Mus. C471 SOUND SYNTHESIS AND PROCESSING Study of the basic functions of hardware and software (such as computer, synthesizers, compressors, interfaces, programmes, etc.) involved in live and studio creation, modification, and transformation of sounds. Studies to reveal the capabilities and constraints of the systems; software syntheses methods; custom-designed hardware systems; digital circuits in live synthesis; sound editing facilities; etc. Synthesis characteristics and methods, such as additive, subtractive, and phase distortion techniques are all inclusive in the studies. (1 unit)

Mus. C472

SOUND SYSTEMS’ APPLICATIONS

Practical application of the knowledge from previous studies: Projects of using the computer and other electronic techniques to produce jingles, film sound-tracks, pop songs, multi-media tracks (computer-based orchestration, notation and audition), live electronic music, etc. Production procedures ranging from sampling, sequencing,

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quantizing, voicing, boosting, compressing, mixing, recording, re-mixing, etc. are to be covered in the projects. (1 unit)

SUGGESTED COURSE OUTLINE FOR THREE-YEAR DIPLOMA/ N.C.E. PROGRAMME FIRST YEAR FIRST SEMESTER Mus 0111

Rudiments of Music (2 units)

Mus 0131

Introduction to History and Literature of Western Music I (2 units)

Mus 0141

African Music in Culture I (2 units)

Mus 0151

Introduction to Musicianship (1 unit)

Mus 0161

Applied Music – Major Instrument (2 units)

Mus 0163

Applied Music – Minor Instrument (1 unit)

Mus 0165

A) Ensemble Studies I – Choir I (2 units)

Mus 0165 B) Ensemble Studies I – (Instrumental) Band/Orchestra (2 units) Mus 0165

C) Ensemble Studies I – (Dance) African/Western (2 units)

Mus 0181

Introduction to Music Education I (2 units)

Mus 0190

Introduction to Stress Area I (4 units)

REQUIRED ANCILLARY COURSES (2 OPTIONS in relation to Stress Areas) Ed.

111

Psychological Foundations of Education (1 unit) ϭϭϬ 

ITAL.

101

Italian for Singers I (1 unit)

FRE. 101

French for Singers I (1 unit)

GER.

German for Singers I (1 unit)

101

GENRAL STUDIES COURSE G.S.

101

The Use of English I (2 units)

SECOND SEMESTER Mus 0112

Introduction to Elementary Harmony (2 units)

Mus 0132

History and Literature of Western Music II (2 units)

Mus 0142

African Music in Culture II (2 units)

Mus 0144

Introduction to the Transcription and Analysis of African Music (1 unit)

Mus 0152

Elementary Musicianship (1 unit)

Mus 0162

Applied Music – Major Study II (2 units)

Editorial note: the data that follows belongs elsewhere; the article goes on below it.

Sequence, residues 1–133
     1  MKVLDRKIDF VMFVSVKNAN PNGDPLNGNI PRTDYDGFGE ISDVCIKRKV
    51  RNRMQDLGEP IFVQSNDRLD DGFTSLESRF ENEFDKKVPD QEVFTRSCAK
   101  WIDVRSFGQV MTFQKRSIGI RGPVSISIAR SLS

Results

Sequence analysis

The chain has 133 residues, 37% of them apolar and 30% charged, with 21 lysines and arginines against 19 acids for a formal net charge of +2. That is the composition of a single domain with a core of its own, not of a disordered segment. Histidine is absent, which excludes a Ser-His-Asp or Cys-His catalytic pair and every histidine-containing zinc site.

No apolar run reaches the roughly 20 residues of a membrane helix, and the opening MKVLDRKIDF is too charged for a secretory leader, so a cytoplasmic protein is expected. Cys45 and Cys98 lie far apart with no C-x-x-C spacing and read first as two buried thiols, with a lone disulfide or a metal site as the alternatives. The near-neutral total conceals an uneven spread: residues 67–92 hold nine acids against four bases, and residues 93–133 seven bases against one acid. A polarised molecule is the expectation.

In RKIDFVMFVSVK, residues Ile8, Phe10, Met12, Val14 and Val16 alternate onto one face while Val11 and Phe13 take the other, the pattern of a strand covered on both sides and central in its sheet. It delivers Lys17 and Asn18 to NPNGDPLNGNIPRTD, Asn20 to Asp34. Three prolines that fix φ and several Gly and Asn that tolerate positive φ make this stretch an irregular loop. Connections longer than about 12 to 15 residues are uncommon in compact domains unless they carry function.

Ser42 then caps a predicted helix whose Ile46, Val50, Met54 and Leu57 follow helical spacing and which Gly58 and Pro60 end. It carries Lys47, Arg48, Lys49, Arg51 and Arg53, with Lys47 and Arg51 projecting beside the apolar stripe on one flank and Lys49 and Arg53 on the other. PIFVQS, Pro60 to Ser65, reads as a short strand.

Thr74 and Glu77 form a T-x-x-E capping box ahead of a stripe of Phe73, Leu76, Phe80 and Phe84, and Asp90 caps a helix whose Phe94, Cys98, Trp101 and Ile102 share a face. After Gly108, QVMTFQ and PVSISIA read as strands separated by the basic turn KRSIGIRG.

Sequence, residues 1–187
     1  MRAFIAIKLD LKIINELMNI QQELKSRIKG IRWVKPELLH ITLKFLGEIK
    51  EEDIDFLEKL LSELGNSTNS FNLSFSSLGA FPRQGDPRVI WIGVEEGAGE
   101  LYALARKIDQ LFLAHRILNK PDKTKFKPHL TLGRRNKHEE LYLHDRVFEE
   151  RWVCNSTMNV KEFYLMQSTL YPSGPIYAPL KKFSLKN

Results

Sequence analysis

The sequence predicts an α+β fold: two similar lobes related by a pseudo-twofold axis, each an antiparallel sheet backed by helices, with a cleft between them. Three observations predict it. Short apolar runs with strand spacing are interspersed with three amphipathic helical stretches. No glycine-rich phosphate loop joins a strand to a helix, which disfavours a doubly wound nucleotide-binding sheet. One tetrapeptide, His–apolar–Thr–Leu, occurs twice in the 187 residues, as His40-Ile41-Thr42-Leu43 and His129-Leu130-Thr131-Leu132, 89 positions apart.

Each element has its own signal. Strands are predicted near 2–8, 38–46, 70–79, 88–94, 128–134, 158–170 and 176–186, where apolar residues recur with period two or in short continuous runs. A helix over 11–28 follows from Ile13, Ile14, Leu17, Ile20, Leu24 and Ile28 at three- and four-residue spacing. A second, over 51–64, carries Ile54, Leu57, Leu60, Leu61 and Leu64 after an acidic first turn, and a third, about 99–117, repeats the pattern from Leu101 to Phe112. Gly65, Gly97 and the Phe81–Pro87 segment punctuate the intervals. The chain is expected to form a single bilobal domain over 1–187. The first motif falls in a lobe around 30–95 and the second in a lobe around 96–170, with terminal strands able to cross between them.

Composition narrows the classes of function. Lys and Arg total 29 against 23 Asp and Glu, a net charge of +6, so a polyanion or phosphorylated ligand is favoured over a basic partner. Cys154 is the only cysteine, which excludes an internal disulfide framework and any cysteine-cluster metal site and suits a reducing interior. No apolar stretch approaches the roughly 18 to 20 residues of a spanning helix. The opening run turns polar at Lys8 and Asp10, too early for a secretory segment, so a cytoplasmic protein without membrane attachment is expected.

Mus 0164

Applied Music – Minor Study II (1 unit)

Mus 0166

A) Ensemble Studies II (2 units)

Mus 0182

B+C Introduction to Music Education II (1 unit)

Mus 0191

Stress Area Studies II (4 units)

REQUIRED ANCILLARY COURSES ITAL. 102

Italian for Singers II (1 unit)

FRE. 102

French for Singers II (1 unit)

GER. 102

German for Singers II (1 unit) ϭϭϭ 

G.S.

102

The Use of English II (2 units)

SECOND YEAR FIRST SEMESTER Mus 0211

Elementary Theory of Music (2 units)

Mus 0241

African Music in Culture III (2 units)

Mus 0243

Transcription and Analysis of African Music I (1 unit)

Mus 0245

African Instrumental Music and Dance Studies I (1 unit)

Mus 0251

Musicianship I (1 unit)

Mus 0261

Applied Music – Major Instrument Study III (2 units)

Mus 0263

Applied Music – Minor Instrument Study III (1 unit)

Mus 0265

A) Ensemble Studies III (2 units)

Mus 0231

B) History and Literature of Western Music III (2 units)

Mus 0281 C) Studies in Music Education (Pre-Primary – Primary) (1 unit) Mus 0292

Stress Area Studies III (4 units)

REQUIRED ANCILLARY COURSES ED.

221

Educational Psychology (1 unit)

FRE. 131

French for Singers III (1 unit)

GER. 131

German for Singers III (1 unit)

ITAL. 131

Italian for Singers III (1 unit)

LING. 141.

Introduction to General Phonetics I (1 unit) ϭϭϮ 

MC. 102

History of the Nigerian Press (1 unit)

SECOND SEMESTER Mus 0212

Elementary Theory of Music/Tonal Harmony (2 units)

Mus 0232 History and Literature of Western Music IV (After Ca. 1750). (2 units) Mus 0242

African Music in Culture IV (2 units)

Mus 0244

Transcription and Analysis of African Music II (1 unit)

Mus 0247

Field Trip and Seminar in African Music I (2 units)

Mus 0252

Musicianship II (1 unit)

Mus 0262

Applied Music – Major Instrument Study IV (2 units)

Mus 0264

Applied Music – Minor Instrument Study IV (1 unit)

Mus 0266

A) Ensemble Studies IV (2 units)

Mus 0246

B) African Instrumental Music & Dance Studies II (1 unit)

Mus 0282 C) Studies in Music Education (Post-Primary – Tertiary) (1 unit)

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Mus 0292

Stress Area – Intermediate Project I (4 units)

REQUIRED ANCILLARY COURSES ED.

311

Education Psychology (1 unit)

ITAL. 132

Italian for Singers IV (1 unit)

FRE. 132

French for Singers IV (1 unit)

GER. 132

German for Singers IV (1 unit)

LING.144

Introduction to General Phonetics II (1 unit)

THIRD YEAR FIRST SEMESTER Mus 0311

Intermediate Music Theory (2 units)

Mus 0313 Elementary Form and Analysis for Teachers (2 units) Mus 0322 Introduction to Elementary Counterpoint (1 unit) Mus 0331 History and Literature of Western Music V (After ca. 1750) (2 units) Mus 0341

African Music in Culture V (2 units)

Mus 0345

African Instrumental Musical and Dance Studies III (1 unit)

Mus 0351

Musicianship and Keyboard Harmony I (1 unit)

Mus 0361

Applied Music – Major Study V (2 units)

Mus 0363

Applied Music – Minor Study V (1 unit)

Mus 0365

Ensemble Studies V (2 units) ϭϭϰ 

Mus 0393

INTERNSHIP/TEACHING PRACTICE (4 units)